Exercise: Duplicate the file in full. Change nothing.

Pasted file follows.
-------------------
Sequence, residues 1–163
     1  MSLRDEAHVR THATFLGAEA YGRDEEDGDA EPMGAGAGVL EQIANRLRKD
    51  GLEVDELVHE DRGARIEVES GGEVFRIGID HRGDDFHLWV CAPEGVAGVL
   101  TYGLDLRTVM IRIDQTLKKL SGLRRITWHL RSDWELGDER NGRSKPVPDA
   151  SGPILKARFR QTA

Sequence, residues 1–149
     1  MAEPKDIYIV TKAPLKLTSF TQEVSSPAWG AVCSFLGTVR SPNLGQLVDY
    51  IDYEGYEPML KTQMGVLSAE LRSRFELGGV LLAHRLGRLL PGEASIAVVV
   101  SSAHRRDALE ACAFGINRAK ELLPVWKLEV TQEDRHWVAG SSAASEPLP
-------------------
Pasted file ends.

Sequence, residues 1–163
     1  MSLRDEAHVR THATFLGAEA YGRDEEDGDA EPMGAGAGVL EQIANRLRKD
    51  GLEVDELVHE DRGARIEVES GGEVFRIGID HRGDDFHLWV CAPEGVAGVL
   101  TYGLDLRTVM IRIDQTLKKL SGLRRITWHL RSDWELGDER NGRSKPVPDA
   151  SGPILKARFR QTA

Sequence, residues 1–149
     1  MAEPKDIYIV TKAPLKLTSF TQEVSSPAWG AVCSFLGTVR SPNLGQLVDY
    51  IDYEGYEPML KTQMGVLSAE LRSRFELGGV LLAHRLGRLL PGEASIAVVV
   101  SSAHRRDALE ACAFGINRAK ELLPVWKLEV TQEDRHWVAG SSAASEPLP